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25
Jun
0

Yoga and Mind Body Studies: Maxi's Testimonail

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Learning to Learn, Learning to Teach

Now eight segments through the MBS Foundation Course, many MBS students have begun to apply what they’re learning toward teaching their own MBS Group Classes. In addition, many students who work as teachers, instructors and coaches report that their studies with MBS are influencing how they approach completely separate disciplines.

Maxi Roedl, current MBS Foundation student, describes her recent experiences as a yoga instructor:

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15
Apr
0

Judo and Mind Body Studies: The historical connection

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MBS Academy promotes continuing education in the form of workshops, DVDs, news articles and blog posts to keep our students and practitioners up to date with industry happenings. With the recent inquiries, and forum postings centering around Judo and its relation to Mind Body Studies, we have compiled information to help bridge the gap in understanding the connection and history between the two.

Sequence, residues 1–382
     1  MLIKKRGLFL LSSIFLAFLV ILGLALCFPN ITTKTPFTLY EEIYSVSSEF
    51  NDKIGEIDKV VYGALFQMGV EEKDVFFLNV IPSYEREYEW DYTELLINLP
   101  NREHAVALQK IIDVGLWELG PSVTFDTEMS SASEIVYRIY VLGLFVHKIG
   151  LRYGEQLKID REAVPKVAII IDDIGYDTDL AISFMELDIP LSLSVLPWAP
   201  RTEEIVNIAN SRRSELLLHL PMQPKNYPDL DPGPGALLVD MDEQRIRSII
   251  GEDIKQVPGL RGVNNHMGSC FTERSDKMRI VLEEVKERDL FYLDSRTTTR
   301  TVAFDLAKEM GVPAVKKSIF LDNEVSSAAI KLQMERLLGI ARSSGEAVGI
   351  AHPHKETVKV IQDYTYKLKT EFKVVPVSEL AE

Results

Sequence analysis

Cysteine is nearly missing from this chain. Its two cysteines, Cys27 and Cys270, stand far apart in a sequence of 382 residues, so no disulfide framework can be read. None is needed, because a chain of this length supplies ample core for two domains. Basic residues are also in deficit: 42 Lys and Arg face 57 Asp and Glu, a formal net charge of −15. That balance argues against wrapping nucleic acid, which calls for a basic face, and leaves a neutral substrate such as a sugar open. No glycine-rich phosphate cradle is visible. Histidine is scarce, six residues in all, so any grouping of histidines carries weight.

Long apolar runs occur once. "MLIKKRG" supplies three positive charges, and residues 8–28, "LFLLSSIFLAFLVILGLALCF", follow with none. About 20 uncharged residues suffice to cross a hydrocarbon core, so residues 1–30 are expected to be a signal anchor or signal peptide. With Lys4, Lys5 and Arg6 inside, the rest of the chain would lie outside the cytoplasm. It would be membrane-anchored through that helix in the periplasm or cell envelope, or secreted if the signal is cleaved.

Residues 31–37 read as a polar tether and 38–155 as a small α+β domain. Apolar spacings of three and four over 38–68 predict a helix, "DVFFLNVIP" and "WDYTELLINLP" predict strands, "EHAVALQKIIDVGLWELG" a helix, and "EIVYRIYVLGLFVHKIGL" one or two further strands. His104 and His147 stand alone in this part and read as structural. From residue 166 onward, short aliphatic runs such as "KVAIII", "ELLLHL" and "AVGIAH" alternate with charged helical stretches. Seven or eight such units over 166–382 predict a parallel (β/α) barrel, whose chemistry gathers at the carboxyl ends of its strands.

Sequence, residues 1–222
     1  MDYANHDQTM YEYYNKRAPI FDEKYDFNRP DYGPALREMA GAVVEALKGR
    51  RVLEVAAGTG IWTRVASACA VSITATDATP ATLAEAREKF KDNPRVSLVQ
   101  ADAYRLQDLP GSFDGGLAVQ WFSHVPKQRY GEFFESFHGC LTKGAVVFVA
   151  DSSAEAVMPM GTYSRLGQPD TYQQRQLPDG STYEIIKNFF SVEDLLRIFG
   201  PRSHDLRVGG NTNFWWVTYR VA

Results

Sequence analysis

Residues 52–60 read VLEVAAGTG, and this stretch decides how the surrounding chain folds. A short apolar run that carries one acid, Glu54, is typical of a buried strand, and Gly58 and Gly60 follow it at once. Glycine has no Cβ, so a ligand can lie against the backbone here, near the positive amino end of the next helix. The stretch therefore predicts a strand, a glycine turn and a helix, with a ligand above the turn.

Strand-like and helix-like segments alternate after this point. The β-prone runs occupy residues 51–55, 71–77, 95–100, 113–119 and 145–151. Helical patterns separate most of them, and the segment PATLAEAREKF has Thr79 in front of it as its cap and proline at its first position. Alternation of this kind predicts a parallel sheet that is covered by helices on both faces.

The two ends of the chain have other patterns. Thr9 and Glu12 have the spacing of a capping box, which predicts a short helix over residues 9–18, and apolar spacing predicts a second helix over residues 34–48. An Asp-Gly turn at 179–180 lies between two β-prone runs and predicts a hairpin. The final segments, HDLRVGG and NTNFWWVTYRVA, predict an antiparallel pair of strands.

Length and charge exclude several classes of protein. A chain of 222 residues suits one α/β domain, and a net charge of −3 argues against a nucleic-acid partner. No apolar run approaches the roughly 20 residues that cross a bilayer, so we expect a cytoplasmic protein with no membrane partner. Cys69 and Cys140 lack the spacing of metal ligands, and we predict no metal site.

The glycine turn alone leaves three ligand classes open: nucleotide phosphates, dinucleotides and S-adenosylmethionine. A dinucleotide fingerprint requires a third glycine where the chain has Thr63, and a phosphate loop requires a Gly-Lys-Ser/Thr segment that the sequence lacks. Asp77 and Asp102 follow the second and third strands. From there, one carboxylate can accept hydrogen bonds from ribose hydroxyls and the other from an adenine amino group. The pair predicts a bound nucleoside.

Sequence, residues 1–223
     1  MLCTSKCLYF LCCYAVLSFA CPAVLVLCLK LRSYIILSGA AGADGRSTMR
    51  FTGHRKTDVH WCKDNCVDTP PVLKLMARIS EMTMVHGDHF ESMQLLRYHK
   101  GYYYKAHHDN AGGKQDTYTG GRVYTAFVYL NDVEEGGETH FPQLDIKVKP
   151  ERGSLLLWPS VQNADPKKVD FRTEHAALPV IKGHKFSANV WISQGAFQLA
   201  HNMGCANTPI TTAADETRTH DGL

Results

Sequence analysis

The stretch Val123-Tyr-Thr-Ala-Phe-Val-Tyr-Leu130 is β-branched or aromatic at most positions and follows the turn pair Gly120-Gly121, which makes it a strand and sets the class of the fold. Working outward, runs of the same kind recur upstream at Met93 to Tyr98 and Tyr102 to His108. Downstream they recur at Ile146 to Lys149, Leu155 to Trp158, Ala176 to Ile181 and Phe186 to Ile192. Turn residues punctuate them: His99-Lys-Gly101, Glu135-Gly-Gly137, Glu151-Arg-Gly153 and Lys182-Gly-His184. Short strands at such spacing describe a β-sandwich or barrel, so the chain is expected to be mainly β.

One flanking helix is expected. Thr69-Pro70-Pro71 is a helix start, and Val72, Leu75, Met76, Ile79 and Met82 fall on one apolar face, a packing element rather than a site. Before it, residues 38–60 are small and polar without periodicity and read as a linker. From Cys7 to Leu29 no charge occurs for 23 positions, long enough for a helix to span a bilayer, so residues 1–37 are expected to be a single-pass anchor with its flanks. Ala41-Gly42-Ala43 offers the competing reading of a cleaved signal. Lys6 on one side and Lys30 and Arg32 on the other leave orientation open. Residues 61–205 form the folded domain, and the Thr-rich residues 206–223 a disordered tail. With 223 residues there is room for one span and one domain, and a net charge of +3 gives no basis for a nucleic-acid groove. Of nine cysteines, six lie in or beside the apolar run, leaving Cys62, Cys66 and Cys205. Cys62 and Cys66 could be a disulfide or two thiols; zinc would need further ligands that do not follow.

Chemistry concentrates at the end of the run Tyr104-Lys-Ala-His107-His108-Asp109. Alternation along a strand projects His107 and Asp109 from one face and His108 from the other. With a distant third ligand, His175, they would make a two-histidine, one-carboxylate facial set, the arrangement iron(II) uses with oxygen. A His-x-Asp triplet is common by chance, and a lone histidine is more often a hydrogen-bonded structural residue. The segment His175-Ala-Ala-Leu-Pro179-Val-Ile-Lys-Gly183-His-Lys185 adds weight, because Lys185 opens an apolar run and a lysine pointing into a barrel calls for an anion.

We hope you enjoy!

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"Martial Arts practitioners find great insight in how Dr. Feldenkrais’ MBS work breaks up each movement into the elements of initiation and progression through the system. "

Shared beliefs and principles in action:b2ap3_thumbnail_judo.jpg

The ground as feedback-

  • In judo the practice of falling and getting up gives you stability and teaches you not to fear falling, which translates psychologically into life lessons in all your endeavors.
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20
Mar
0

Climbing through the Pain- Student Story